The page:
Feature Article of Mon, 20 Mar 20173

The more things change, the more they remain the same

A very popular saying that has attracted several interpretations ...’the more things change, the more they remain same....’ The hunger and thirst for change have been great in Ghana over the past few years and this was confirmed by the outcome of last year’s elections. The expectations are very high on this government.

I might be wrong but critically going through the history of the 4th Republic, this current NPP government is likely to enjoy the greatest cooperation from the citizenry even more than was enjoyed by the Kuffour administration. Such a cooperation, confidence, trust and support is the greatest non-financial asset (capital) a government can ever have. How do we maximize such capital? I will like to focus on the record 110 ministers of the current government that has generated a lot of attention.

After listening to the explanations given by His Excellency the President, there still remain some gaps and unattended issues with this development. The crux of the explanations by the President hinges on the marginal cost to the public purse because 65-70% are already parliamentarians who will not attract the same cost as otherwise.

Let me stretch the explanation of cost to cover non-monetary variables to give a better picture. If a lot of parliamentarians are given ministerial tasks to perform, can we be guaranteed a well-functioning efficient full house parliament? Or is it going to be the same old order of how parliamentary business was conducted? How objective can parliament be in terms of scrutinizing the executive if we find so many intersecting members? Is this not too costly to separation of powers of our democracy? What kind of dynamism are we seeing if things will remain the same? There are the costs of conflicting and clashing of interests and personalities. Just as the president premised his explanations on ‘if he succeeds’ (which we are all praying for), there is the other side of if the unforeseen happens; because we cannot control all environmental factors. Ghanaians might not be patient enough to take excuses, explanations and attributions.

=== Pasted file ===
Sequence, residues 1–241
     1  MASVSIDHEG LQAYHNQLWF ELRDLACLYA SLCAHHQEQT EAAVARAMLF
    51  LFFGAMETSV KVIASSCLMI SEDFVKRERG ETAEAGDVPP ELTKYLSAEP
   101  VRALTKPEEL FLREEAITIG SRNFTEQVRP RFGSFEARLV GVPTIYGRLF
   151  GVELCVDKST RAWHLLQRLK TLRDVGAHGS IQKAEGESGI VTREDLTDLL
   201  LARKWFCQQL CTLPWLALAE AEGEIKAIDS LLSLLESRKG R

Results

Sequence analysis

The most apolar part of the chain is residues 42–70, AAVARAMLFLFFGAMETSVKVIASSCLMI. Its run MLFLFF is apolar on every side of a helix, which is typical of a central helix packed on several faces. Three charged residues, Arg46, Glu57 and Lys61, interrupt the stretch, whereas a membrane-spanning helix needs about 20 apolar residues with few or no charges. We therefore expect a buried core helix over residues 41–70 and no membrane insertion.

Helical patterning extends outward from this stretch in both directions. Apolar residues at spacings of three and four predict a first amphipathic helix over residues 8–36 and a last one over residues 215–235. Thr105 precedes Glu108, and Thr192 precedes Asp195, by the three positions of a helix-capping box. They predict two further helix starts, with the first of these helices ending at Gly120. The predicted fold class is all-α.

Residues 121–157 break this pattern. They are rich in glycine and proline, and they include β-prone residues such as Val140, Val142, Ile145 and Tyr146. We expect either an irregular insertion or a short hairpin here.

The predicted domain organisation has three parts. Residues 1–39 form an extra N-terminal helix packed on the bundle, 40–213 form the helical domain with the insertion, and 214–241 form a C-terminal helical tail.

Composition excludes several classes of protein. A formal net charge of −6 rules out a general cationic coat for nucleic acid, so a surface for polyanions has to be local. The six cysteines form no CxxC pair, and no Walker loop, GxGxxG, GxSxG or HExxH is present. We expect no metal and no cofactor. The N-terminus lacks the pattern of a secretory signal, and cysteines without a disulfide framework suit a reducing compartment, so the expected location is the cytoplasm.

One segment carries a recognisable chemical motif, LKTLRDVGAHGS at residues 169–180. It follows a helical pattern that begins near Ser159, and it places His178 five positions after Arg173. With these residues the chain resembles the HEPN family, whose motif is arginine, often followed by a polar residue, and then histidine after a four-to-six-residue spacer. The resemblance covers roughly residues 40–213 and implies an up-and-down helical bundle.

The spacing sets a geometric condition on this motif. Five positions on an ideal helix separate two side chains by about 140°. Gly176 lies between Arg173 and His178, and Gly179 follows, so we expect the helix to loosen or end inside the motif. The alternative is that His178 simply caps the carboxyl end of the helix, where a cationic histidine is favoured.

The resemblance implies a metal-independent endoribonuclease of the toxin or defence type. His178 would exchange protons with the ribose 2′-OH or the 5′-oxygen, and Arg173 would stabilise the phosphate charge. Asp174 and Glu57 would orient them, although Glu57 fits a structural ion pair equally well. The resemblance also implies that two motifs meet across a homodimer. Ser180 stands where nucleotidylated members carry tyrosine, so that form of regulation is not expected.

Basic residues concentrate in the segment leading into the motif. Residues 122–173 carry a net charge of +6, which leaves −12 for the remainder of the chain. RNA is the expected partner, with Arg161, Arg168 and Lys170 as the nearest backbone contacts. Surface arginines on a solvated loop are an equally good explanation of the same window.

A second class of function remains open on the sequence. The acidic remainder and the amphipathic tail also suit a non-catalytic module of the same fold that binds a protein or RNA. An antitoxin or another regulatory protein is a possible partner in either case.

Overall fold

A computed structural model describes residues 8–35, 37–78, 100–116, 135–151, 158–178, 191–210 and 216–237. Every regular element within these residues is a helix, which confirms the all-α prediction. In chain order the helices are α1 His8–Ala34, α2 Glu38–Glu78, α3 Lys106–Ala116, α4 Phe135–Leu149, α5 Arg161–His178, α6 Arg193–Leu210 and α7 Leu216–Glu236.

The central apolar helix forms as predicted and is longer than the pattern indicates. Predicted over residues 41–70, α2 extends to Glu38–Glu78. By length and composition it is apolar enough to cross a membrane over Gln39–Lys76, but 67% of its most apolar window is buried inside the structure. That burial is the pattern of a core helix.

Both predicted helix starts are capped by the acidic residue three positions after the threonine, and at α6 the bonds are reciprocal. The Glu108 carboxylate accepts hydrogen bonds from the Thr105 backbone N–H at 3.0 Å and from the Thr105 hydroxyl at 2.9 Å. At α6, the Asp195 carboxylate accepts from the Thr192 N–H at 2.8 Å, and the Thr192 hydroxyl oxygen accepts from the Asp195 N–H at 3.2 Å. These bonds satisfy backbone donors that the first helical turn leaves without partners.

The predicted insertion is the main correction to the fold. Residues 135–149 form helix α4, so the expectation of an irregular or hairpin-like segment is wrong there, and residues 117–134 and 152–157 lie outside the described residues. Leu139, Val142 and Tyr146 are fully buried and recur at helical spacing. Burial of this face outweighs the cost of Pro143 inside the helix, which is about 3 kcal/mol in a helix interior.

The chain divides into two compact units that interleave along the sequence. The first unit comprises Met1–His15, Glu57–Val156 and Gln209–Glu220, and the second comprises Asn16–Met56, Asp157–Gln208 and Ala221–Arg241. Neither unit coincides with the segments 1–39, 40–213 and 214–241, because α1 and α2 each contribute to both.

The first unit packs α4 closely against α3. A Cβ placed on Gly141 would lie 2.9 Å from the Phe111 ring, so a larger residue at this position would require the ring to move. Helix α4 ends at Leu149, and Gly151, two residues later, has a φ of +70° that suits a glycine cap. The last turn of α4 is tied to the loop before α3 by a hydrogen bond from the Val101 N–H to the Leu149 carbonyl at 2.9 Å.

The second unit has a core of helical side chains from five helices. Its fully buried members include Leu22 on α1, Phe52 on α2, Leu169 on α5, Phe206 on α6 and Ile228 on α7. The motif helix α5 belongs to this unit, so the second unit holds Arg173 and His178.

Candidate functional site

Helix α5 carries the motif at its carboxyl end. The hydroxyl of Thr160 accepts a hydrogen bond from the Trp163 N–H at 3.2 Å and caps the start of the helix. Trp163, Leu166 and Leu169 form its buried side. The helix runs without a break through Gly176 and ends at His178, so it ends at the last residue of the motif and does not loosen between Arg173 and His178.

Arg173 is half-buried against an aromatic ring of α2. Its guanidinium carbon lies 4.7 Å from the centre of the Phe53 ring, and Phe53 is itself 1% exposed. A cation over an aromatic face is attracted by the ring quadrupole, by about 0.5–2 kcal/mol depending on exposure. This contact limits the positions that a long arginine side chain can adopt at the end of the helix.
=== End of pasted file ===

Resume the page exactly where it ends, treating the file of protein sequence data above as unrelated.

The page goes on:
The fact that NPP has got rich human resource capacity does not guarantee every NPP parliamentarian to be a good minister. I am worried about how well supervision can be harnessed to achieve the best results. The more we create several spots of responsibility through such appointments, the more the agency problem and possible risk exposure increase.

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The agency cost increases because the agent must be monitored. Again, it is not too good for a coach to start all its stars in crucial matches. There should be a rich bench so that it can compel those who have been given the opportunity to ensure the best performance. Complacency must be guarded when there seem to be no close substitutes available. We can no longer tolerate the practice where a minister is found to have messed up in sector A, and reassigned to sector B (reshuffling).

When I look at the model being followed by the President, I can foresee a ‘schedule compression strategy’ which employs the techniques of fast tracking and crash principles in project management. The former can be explained as performing tasks in parallel so as to finish ahead of schedule and the latter means adding more resources to complete the project faster. There are huge cost implications of these strategies which include resourcing the project, overlapping activities which can be wasteful and possible rework due to shoddy execution.